How Denmark Continues to Deliver Sustainable Solutions and Green Opportunities to US Companies
The COVID-19 crisis has brought international travel to a standstill, paralyzed entire countries, and shaken the foundations of the global economy. And yet, despite the systemic shock unleashed by the pandemic, the nation of Denmark has remained a paradigm of stability, both in terms of its response to the COVID-19 health crisis and in how it has confronted the pandemic’s economic aftershocks.
“The Danish government was one of the first to initiate relief packages for companies, regardless of their nationality, as long as they have a presence in Denmark,” notes Jens Birk, Deputy Director of Invest in Denmark (IDK) at Denmark in New York.
“In our view, this kind of response was extremely important, both in terms of helping the employees of these companies and in reassuring management that Denmark remains a committed business partner.”
Now, as Denmark reopens for business, the country’s storied sustainable practices and climate-focused policies are transforming its economic resurgence into a veritable Green Reboot, ensuring that the world’s post-COVID-19 recovery is one fueled by sustainable solutions, green investments, and a healthy dose of Danish efficiency and pragmatism. And, US companies, says Jens Birk, are more than welcome to join in.
Denmark in New York reached out to Mr. Birk to learn how IDK is offering Denmark’s green platform for United States-based companies looking to expand to Europe and project themselves into a more sustainable post-COVID future.
Denmark in New York: Highly digitalized with an efficient bureaucracy and a very educated, English-speaking workforce, Denmark is certainly one of the most interesting realities in the European panorama for American businesses. What have some of the key selling points about Denmark been over the past year that have won American hearts and businesses over?
Jens Birk: I work mostly within life sciences — an industry that is constantly looking to develop new drugs and improved ways of treatment. When looking for a place to run clinical research, Big Pharma is focusing on speed and reliability, and this can all be found in Denmark.
On top of this, US companies are interested in learning from the innovative and ambitious approach to sustainability of the Danish government and life sciences’ cluster.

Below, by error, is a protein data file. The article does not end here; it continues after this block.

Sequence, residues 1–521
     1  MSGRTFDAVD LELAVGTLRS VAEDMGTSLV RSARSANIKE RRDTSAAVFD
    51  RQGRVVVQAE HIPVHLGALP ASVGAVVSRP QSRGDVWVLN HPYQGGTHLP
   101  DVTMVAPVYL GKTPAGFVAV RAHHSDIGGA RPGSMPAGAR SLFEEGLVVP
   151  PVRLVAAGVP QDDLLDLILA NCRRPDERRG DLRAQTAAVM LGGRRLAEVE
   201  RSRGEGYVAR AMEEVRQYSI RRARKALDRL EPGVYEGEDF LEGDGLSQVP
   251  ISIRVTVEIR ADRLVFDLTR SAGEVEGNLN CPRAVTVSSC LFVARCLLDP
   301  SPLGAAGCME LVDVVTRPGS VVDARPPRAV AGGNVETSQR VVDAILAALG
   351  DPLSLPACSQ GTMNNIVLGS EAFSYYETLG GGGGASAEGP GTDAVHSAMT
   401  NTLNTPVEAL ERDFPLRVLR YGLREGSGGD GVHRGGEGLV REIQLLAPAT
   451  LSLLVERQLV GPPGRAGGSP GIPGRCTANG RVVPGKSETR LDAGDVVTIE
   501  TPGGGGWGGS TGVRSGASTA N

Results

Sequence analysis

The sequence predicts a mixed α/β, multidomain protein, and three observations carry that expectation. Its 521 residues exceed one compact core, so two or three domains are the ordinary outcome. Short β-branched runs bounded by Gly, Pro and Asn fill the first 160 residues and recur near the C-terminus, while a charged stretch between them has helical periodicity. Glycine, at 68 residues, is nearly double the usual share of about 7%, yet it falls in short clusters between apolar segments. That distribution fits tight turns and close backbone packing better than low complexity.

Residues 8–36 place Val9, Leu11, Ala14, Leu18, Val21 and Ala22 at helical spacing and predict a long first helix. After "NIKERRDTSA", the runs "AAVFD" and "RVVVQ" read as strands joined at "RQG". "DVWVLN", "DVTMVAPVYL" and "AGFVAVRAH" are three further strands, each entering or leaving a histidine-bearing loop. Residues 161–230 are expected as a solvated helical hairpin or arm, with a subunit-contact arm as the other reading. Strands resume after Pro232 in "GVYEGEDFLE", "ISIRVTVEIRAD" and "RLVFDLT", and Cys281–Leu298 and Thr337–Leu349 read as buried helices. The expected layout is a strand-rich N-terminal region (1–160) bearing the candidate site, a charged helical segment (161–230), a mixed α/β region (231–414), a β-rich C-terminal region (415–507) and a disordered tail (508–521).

The COVID-19 pandemic has delivered a potent blow to the global economy and international trade. How has IDK navigated the crisis and what have you been communicating to American companies amid the uncertainty?
Jens Birk: We have constantly been in touch with American companies to assure them that Denmark remains open for business. And we have been available the whole time to assist them in these uncertain times. In the beginning of the crisis, we all had to find a pragmatic way to manoeuvre in this new reality, so we took a step back on initiating new dialogues, unless the companies reached out to us.
You work a lot with the term ‘aftercare’. What is aftercare and how does IDK engage with it, especially now in relation to US businesses in these unprecedented times?
Jens Birk: Aftercare has always been a very important part of our job. Foreign companies locating activities in Denmark are often on the lookout for new opportunities, for instance within a different segment. And sometimes they are challenged and need to reevaluate their presence in Europe. Invest in Denmark helps them by offering to benchmark Denmark to other countries in Europe in order to make the right decision.
Right now, we’re assisting US companies in Denmark in navigating the economic reality of the COVID-19 aftermath. The Danish government was one of the first to initiate relief packages for companies, regardless of their nationality, as long as they have a presence in Denmark.
How has the pandemic affected the US business community, in particular, and why is Denmark still an exciting prospect for US companies looking to move into Europe?
Jens Birk: The pandemic has affected all companies around the world in all their markets. But Denmark was one of the first countries to begin reopening the economy, and Danish businesses and consumers are eager to restart the economy.
The pandemic has made it clear to the Danish government and business community that there is a strong need to develop new business models, for instance within healthcare. And this is where we need US companies and their innovative technologies.
Much is being made about the green reboot to the global economy. And Denmark is certainly best positioned to spearhead a green and sustainable recovery. How can Denmark help inspire US companies to follow a sustainable path and achieve their own green transition?
Jens Birk: For many years, Danish companies — and US companies in Denmark — have proven that sustainable solutions make business sense. The Danish government has given them the necessary framework conditions that have allowed them to develop solutions to achieve the green transition. And sustainability is now at the core of most companies in Denmark.
US companies locating activities in Denmark will become part of this way of thinking and working, and have the potential to improve their overall competitiveness by having a presence in Denmark.
Emilie Haaber Lynggaard is the Strategic Communications and Press Intern at Denmark In New York.